We have instructed lawyers to review the Stanley Gas Agreement. Legal proceedings will be filed shortly to ascertain whether Horizon Oil and its joint venture partners are entitled to continue to enjoy the unbounded generosity of PNG or in the alternative whether the landowners, LLGs and FRPG are due for financial compensation for the questionable delayed development.

We believe the Stanley Gas Agreement is unconstitutional because it strips the State of its most basic sovereign rights. There are no penalty clauses for failure to achieve FEED, FID and construction. Shockingly, State has no recourse to terminating the license consequential to fundamental breaches. The deliberate exclusion of these mandatory sunset clauses, has given the developers unfettered latitude to deciding, at their own volition, the development schedule for Stanley.

The Stanley PDL has been used to conduct substantially valued farm-outs. Ironically none of these transacted monies have been reinvested in Stanley’s construction. For several years now, the developers have not engaged neither communicated with FRPG and landowners. Accordingly we have reached the conclusion that Stanley Gas Fields may never reach commercial production under Horizon Oil as the nominated developer.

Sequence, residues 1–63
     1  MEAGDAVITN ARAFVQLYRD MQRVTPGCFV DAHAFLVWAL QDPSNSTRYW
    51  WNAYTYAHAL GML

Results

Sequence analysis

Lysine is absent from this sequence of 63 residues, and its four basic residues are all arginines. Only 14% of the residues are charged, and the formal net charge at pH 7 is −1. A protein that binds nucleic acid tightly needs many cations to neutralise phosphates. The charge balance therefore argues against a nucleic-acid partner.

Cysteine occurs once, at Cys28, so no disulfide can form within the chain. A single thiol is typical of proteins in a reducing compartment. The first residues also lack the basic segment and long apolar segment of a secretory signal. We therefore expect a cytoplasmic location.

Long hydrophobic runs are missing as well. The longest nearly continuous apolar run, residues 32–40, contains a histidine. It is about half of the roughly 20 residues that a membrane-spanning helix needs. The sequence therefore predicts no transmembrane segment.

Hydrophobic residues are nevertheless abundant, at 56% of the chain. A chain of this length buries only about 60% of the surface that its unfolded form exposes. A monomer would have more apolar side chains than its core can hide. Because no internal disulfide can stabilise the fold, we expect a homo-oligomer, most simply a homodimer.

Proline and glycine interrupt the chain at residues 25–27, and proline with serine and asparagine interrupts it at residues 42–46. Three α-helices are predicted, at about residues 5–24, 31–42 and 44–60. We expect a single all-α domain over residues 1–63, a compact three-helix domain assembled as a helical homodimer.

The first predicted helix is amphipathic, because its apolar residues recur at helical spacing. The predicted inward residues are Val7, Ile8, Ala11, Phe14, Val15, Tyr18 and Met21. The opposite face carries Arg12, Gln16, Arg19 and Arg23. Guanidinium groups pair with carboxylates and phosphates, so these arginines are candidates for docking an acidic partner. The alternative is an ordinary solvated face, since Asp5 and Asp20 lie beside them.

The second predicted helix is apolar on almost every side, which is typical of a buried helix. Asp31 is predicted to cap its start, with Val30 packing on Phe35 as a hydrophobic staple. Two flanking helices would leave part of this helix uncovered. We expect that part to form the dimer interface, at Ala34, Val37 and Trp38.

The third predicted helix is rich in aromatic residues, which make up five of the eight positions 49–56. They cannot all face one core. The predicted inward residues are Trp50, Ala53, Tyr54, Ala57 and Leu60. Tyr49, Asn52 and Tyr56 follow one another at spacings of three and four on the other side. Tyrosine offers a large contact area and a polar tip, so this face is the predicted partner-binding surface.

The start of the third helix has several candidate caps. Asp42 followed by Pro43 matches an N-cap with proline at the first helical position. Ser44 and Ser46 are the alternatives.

The Stanley Gas Agreement and PDL is unprecedented and entirely at odds with established industry practices. How and why did Horizon Oil and its partners vouch for Stanley’s FID being achieved by or before 31st December 2014 and construction to begin in 2015? If State had known that Horizon Oil and its partners would fail to achieve the milestones of FID and construction as scheduled, would it still have signed the Gas Agreement and issued PDL? No. Did Horizon Oil and its partners deliberately and maliciously misled the State to sign Gas Agreement and issue PDL? Yes.